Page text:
In two-party machine learning prediction services, the client's goal is to query a remote server's trained machine learning model to perform neural network inference in some application domain. However, sensitive information can be obtained during this process by either the client or the server, leading to potential collection, unauthorized secondary use, and inappropriate access to personal information. These security concerns have given rise to Private Inference (PI), in which both the client's personal data and the server's trained model are kept confidential. State-of-the-art PI protocols consist of a pre-processing or offline phase and an online phase that combine several cryptographic primitives: Homomorphic Encryption (HE), Secret Sharing (SS), Garbled Circuits (GC), and Oblivious Transfer (OT). Despite the need and recent performance improvements, PI remains largely arcane today and is too slow for practical use.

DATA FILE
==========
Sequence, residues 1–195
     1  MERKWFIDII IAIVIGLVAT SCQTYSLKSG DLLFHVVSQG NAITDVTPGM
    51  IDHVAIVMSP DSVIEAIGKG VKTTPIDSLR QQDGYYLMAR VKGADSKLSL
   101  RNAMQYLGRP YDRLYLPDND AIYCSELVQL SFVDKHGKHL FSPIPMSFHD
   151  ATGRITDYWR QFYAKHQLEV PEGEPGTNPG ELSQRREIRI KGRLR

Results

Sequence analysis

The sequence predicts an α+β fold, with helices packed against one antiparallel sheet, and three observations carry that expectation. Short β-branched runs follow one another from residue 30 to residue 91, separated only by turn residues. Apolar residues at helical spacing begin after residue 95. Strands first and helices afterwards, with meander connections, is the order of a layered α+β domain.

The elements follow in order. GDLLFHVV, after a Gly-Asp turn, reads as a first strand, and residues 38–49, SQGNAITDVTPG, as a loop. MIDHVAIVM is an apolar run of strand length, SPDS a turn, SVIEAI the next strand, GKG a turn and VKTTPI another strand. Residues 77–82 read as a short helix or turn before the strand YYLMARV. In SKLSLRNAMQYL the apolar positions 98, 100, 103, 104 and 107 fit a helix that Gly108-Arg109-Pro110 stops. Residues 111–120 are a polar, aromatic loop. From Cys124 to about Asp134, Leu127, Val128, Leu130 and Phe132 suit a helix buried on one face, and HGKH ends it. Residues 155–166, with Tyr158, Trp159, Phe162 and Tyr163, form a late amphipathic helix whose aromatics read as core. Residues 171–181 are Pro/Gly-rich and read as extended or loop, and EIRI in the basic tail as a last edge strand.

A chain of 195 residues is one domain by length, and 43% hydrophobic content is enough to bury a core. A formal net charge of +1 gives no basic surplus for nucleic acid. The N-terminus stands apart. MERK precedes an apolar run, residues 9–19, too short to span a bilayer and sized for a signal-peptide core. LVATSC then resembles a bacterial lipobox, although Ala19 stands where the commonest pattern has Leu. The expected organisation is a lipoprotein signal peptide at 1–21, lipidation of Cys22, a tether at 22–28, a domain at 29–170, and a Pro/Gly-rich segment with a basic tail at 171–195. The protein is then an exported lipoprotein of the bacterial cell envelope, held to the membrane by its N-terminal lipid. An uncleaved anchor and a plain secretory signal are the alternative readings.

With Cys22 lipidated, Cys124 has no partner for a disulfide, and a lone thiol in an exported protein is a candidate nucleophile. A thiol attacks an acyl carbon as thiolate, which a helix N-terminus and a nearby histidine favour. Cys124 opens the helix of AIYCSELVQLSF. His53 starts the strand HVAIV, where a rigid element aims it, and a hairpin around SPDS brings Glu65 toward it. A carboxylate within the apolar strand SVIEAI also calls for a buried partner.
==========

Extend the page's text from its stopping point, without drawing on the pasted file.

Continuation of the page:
This paper addresses PI's shortcomings with a detailed characterization of a standard high-performance protocol to build foundational knowledge and intuition in the systems community. Our characterization pinpoints all sources of inefficiency -- compute, communication, and storage. In contrast to prior work, we consider inference request arrival rates rather than studying individual inferences in isolation and we find that the pre-processing phase cannot be ignored and is often incurred online as there is insufficient downtime to hide pre-compute latency. Finally, we leverage insights from our characterization and propose three optimizations to address the storage (Client-Garbler), computation (layer-parallel HE), and communication (wireless slot allocation) overheads.